‘Covid litter’ is a worldwide problem. One French marine non-profit has warned: ‘Soon we’ll run the risk of having more masks than jellyfish in the Mediterranean.’
A study from the University of Portsmouth last December found that masks accounted for 6 per cent of all litter found in Britain — never mind other Covid trash such as disposable gloves and sanitiser bottles.
Many public-spirited people will pick up discarded crisp packets and drinks cans but understandably draw the line at used masks, fearing infection.
And although many people have reported washing masks and putting them in waste or recycling collections, three per cent worldwide have admitted flushing them down the toilet, threatening river and marine creatures. A further 19 per cent have confessed to simply throwing them away when outdoors.
Few government policies of recent years have been as successful as the 5p levy on single-use plastic bags that was introduced in 2016 — a victory for this newspaper, which campaigned for it.
Within months, the number of such bags handed out by shops had plummeted by 95 per cent. Yet when it comes to masks, even the most hectoring environmentalists seem bizarrely unconcerned.
The Guardian columnist George Monbiot, a proponent of trendy ‘rewilding’ and self-proclaimed nature-lover, is often the first to demand that other people wear masks around him.
‘No, you do not have a human right to breathe germs into my face,’ he once primly tweeted. Another time he opined that ‘to wear a mask is to care for the lives of others’. Not, one might respond, for the lives of unfortunate animals tangled and suffocated in the mountain of pollution that masks are causing.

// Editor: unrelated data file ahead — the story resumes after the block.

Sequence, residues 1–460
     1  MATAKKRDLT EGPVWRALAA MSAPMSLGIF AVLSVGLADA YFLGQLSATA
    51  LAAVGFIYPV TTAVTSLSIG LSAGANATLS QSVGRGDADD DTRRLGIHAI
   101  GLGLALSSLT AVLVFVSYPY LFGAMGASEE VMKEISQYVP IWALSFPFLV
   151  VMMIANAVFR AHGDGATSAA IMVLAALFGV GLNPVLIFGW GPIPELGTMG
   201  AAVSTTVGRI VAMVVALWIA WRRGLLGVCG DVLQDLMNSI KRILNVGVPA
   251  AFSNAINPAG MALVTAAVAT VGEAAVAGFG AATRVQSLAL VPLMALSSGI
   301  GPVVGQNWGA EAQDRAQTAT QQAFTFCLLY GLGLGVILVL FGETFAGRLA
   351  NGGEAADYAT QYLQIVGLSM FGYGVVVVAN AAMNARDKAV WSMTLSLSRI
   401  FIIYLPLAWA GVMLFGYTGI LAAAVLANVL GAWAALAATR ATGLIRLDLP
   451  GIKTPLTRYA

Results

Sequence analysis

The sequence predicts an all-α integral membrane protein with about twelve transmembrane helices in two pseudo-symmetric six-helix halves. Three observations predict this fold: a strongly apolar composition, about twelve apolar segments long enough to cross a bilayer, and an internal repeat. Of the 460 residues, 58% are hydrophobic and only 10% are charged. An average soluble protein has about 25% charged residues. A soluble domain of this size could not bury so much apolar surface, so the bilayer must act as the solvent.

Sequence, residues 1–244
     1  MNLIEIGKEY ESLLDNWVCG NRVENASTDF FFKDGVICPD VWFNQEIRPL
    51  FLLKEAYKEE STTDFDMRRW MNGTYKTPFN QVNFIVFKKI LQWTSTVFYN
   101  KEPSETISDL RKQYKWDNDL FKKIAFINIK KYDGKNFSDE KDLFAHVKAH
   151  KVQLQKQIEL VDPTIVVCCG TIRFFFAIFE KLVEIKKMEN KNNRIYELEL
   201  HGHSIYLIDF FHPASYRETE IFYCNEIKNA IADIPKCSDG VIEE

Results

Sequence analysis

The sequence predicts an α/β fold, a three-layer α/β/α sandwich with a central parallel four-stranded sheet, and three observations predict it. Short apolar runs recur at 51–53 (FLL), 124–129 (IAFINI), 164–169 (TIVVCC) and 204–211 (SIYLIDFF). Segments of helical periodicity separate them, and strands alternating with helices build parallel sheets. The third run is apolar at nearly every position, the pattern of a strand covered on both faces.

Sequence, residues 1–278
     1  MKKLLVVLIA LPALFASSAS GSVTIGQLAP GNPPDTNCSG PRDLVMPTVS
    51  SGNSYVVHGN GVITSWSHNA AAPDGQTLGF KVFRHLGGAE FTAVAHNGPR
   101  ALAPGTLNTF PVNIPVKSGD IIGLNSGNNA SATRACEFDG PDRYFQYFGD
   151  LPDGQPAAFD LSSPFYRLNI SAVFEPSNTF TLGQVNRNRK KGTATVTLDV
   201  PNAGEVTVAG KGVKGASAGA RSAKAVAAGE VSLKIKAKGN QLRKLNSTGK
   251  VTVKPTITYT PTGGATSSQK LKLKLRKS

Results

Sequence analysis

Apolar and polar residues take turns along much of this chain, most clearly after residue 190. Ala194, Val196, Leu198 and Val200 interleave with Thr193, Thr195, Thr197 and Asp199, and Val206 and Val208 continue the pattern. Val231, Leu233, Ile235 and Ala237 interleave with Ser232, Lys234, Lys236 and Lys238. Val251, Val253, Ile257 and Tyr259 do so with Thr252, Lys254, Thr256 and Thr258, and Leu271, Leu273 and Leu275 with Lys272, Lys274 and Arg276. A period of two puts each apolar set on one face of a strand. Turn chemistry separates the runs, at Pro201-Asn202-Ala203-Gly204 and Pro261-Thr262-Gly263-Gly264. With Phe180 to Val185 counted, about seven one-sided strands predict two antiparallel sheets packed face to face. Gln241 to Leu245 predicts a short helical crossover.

Do masks even work in preventing the spread of Covid-19? There is some evidence that the most expensive, high-grade ones do help. But in January, America’s Centres for Disease Control pointed out that loosely woven cloth masks — the washable, reusable kind often favoured by the environmentally-conscious
Children, too, need to see other people’s faces as they grow and develop. Even though British schools were told to scrap masks on January 27, some teachers have reportedly refused to do so, with Education Secretary Nadhim Zahawi being forced to insist that children should ‘enjoy a normal experience’ in the classroom.
In Scotland, the deranged mask obsession of Nicola Sturgeon’s nationalist regime persists. Mask-wearing remains compulsory for everyone aged over 12 in shops and other public places, including churches — although Sturgeon was happy to sit dangerously unmasked in Westminster Abbey this week for Prince Philip’s memorial service, only feet away from our 95-year-old Queen.
And the final irony? In mask-happy Scotland, Covid infection rates are currently higher than they are in England, with one person in 11 north of the border having the virus, compared with one person in 16 south of it. Similar examples can be found around the world.
Covid was a global health emergency and it is understandable that people seized on a quick way to try to reduce the spread.
But now we and our planet are paying the cost, and it is time we consigned masks to the dustbin for good.
— offer the least protection.
And even if masks worked perfectly every time, stopping the spread of Covid is not the be-all and end-all of existence.
Aside from the monstrous pollution they inflict on the world, masks make life horribly difficult for anyone with hearing difficulties — who is rendered unable to lip-read — and often for those with conditions such as dementia, autism and schizophrenia, who rely on seeing people’s faces: as indeed all humans do.